PLAYBILL: Be like Scrooge
Life is so unfair. The central character in Charles Dickens’ A Christmas Carol experiences an epiphany of goodness and a complete change of heart by the end of his harrowing ghost story – much like the Grinch whose heart grew three sizes that day – and becomes the most kind, generous, warm, “Christmasy” person you could ever imagine.
And yet the name “Scrooge” remains synonymous with that one unpleasant person to be around at Christmastime. People say, don’t be such a Scrooge! “Screw you and your Christmas spirit,” replies Scrooge, or words to that effect. This has been going on for 173 years. What’s a guy gotta do?!
Do it again, that’s what. Fictional characters are doomed to live their lives the same way over and over again for eternity, year after year – in this case for the entertainment and edification of people who may need to be reminded what the true spirit of Christmas is all about: Kind, generous, warm, etc. Should be that way all the time, eh? For more on this topic, consult some of Dickens’ other novels.
For now, it’s time once again for the Citadel Theatre’s annual sumptuous production of A Christmas Carol, on the Maclab Stage until Dec. 23. Adapted and starring Tom Wood, this show basically never changes – much like the fate of its main character. Someone should write a sequel.
Donations to the food bank are accepted at the door.
Witch Hunt at the Strand
An ugly chapter in Edmonton’s history is explored in Darrin Hagen’s triumphant new play, based on the true story of the investigation, interrogations, arrests and convictions of several high-profile gay men active in the local theatre scene in 1942. Their crime? Being gay. Sexual acts between two people of the same gender were prohibited by the Criminal Code of Canada until 1969 – and the local cops went after these guys like they were chasing Nazi spies.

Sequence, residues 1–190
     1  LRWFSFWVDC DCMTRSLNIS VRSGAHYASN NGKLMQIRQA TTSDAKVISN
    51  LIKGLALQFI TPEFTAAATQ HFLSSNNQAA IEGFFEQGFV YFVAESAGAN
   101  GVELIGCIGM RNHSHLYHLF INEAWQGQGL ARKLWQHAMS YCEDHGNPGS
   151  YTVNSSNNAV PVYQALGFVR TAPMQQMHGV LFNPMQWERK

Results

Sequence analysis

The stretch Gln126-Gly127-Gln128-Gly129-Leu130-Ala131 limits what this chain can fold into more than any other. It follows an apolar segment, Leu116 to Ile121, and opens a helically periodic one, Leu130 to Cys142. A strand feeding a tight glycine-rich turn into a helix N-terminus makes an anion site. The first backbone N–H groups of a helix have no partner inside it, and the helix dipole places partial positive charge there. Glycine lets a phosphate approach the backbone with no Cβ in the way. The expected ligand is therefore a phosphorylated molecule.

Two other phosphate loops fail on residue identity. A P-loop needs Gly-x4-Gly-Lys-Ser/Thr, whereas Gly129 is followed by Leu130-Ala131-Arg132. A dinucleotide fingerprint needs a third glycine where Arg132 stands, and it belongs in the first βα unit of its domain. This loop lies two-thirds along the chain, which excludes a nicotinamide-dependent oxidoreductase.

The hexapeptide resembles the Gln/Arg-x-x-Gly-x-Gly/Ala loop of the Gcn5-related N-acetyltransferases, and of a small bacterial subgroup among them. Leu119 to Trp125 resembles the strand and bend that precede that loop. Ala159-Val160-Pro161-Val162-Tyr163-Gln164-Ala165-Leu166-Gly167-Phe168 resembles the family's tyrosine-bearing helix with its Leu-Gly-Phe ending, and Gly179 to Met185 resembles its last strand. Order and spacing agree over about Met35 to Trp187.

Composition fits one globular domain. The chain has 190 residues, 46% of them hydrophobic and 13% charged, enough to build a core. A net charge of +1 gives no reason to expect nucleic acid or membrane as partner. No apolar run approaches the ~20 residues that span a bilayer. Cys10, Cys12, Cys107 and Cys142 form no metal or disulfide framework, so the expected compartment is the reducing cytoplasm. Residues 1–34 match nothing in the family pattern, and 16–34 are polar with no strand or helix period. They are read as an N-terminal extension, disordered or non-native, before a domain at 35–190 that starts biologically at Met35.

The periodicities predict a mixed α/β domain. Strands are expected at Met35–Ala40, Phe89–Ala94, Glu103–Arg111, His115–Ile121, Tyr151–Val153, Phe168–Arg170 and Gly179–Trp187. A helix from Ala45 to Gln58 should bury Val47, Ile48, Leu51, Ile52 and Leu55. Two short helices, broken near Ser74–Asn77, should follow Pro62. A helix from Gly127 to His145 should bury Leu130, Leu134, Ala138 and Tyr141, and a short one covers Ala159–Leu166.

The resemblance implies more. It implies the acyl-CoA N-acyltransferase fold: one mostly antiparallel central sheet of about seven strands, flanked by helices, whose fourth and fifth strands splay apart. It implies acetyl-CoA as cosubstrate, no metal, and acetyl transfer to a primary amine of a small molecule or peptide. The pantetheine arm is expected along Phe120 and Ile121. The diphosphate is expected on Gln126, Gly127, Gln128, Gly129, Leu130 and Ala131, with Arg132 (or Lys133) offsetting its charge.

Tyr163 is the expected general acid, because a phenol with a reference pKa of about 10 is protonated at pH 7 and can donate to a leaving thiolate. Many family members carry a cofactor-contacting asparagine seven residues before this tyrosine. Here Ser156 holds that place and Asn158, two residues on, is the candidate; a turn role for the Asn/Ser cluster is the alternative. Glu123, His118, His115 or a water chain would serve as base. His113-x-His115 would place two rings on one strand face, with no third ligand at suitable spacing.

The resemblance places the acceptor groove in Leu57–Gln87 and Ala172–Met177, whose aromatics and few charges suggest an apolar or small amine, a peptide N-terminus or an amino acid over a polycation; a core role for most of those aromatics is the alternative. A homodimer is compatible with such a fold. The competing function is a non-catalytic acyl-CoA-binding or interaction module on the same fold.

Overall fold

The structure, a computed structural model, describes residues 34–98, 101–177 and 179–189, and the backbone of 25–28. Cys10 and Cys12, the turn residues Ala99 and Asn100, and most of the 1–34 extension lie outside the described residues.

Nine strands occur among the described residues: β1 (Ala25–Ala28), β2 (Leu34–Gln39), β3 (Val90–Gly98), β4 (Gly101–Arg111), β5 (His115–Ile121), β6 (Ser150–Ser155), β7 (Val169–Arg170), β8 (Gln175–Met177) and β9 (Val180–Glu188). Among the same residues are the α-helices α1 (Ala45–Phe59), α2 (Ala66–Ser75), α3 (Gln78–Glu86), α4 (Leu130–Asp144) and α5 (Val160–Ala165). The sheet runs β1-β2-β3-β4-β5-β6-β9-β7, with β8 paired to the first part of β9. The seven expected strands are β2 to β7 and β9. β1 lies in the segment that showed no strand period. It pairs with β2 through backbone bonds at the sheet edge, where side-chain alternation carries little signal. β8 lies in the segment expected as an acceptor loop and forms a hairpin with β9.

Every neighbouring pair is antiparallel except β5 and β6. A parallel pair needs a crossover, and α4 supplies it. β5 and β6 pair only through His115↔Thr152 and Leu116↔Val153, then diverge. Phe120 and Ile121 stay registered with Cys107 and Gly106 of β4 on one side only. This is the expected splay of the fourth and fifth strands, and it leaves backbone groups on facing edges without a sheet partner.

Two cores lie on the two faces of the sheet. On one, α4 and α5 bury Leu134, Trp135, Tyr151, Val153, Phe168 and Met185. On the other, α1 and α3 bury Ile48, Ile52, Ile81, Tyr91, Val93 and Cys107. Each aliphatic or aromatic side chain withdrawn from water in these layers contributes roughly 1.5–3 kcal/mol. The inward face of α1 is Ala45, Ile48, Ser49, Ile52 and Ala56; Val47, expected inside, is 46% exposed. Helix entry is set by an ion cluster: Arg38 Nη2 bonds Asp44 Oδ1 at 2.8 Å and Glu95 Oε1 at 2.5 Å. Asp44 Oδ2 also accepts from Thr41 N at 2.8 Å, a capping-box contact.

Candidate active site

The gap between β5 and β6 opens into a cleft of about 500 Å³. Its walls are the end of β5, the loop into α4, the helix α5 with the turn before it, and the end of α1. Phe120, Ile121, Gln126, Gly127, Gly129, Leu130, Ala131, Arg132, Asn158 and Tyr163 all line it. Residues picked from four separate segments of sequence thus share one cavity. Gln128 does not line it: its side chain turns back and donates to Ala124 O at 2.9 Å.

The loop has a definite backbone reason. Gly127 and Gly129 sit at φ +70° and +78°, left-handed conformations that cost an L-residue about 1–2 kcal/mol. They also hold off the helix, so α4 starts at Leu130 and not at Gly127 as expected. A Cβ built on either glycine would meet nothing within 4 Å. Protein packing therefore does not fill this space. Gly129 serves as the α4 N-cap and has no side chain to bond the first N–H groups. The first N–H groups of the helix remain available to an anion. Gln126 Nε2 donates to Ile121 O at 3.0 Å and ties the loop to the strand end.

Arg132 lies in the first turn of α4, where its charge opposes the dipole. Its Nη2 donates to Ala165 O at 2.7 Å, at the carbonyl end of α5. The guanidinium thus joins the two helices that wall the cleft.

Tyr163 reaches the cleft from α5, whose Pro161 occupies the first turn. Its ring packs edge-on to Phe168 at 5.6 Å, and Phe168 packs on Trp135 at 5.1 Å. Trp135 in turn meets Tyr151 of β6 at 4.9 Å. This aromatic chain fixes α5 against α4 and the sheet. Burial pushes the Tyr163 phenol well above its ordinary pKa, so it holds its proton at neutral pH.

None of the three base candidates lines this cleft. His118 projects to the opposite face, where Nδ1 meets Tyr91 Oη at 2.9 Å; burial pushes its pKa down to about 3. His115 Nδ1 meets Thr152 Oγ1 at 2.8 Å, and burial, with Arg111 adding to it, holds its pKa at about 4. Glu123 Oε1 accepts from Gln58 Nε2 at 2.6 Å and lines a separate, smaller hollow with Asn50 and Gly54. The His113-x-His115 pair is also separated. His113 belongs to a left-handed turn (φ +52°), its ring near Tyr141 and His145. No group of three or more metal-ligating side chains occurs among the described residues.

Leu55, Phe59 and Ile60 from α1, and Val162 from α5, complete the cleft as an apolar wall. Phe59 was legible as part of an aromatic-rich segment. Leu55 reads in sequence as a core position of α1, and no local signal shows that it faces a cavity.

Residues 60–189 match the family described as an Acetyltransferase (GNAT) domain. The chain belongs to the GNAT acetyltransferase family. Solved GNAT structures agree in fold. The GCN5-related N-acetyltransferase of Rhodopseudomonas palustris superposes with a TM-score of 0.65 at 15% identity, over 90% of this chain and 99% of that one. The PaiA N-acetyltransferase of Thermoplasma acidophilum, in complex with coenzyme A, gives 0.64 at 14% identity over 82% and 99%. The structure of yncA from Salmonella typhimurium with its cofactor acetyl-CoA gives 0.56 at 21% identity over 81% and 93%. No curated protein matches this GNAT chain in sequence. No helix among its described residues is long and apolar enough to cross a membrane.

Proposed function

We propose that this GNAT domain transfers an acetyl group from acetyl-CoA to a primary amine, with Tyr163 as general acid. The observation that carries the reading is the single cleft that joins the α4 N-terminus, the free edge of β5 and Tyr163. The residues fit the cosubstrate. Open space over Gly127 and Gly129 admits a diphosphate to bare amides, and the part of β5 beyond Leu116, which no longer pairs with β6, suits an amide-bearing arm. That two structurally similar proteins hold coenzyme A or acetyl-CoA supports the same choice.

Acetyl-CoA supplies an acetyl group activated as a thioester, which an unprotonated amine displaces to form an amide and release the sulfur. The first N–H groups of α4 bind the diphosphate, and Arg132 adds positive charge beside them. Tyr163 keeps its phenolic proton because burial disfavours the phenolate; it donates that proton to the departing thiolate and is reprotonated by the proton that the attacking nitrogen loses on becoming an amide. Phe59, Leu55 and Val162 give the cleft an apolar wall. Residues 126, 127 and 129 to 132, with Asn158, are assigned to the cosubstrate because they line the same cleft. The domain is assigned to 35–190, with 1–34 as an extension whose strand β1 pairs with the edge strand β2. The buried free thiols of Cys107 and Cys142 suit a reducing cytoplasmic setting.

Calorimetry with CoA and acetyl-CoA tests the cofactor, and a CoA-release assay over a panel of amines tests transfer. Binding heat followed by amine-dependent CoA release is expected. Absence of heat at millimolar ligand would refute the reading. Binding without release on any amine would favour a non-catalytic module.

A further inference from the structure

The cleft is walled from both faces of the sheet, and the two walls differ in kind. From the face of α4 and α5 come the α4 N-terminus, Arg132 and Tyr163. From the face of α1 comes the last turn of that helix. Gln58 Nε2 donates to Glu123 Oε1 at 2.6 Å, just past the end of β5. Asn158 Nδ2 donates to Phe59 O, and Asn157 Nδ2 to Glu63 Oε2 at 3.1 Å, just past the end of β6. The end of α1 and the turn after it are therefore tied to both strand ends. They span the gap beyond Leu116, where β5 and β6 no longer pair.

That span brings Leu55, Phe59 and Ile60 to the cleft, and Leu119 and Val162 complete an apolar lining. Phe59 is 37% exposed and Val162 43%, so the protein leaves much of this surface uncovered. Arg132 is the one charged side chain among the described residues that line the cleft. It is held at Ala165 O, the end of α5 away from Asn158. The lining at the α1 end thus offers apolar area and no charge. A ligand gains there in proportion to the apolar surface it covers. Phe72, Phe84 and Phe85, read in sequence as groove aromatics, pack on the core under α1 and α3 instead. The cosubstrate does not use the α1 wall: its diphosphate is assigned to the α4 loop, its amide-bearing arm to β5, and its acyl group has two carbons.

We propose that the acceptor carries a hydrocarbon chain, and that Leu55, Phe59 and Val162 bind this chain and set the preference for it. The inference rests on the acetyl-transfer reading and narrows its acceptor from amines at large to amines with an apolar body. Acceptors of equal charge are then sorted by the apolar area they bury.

Until Dec. 3 at the Varscona Theatre, this bleak Caryl Churchill play revolves around women potato farmers desperate to escape the title of the play – a muddy miserable place in a story that has shades of Maxim Gorky, one of the most depressing authors who ever lived.
In short, if you’re looking for heart-warming holiday entertainment, look elsewhere.
The Drowsy Chaperone
At the MacEwan University until Dec. 3, this riotously entertaining musical-within-a-musical has been poking fun at musicals since 1998, but has itself since won awards for best musical. It’s the circle of life!
A great young cast directed by Kate Ryan makes this show pop with vim and vigor.
Edmonton’s Theatre Yes is not one to let you sit in your nice comfy seat and be entertained. Oh, no. Some work – physical, mental, emotional – is required to attend this interactive adventure that explores the title of the piece with a vengeance. Be afraid. Be very afraid.
Six different “immersive performance installation-style pieces” are presented at La Cite Francophone until Dec. 4.
Only in Vegas
It’s a bit much to cram a weekend of Sin City into two-and-a-half hours of pure entertainment in this Mayfield Dinner Theatre production – featuring impersonations both uncanny and canny of Frankie, Sammy, Dino, Elvis, Barry Manilow, Neil Diamond, Wayne Newton, Barbra Streisand, Cher and all the rest in spectacular riot of a show that tries to do too much in one sitting, like you’ve eaten too much at the all-you-can-eat salad bar, and kind of like this hard-working sentence – but that’s Vegas for you.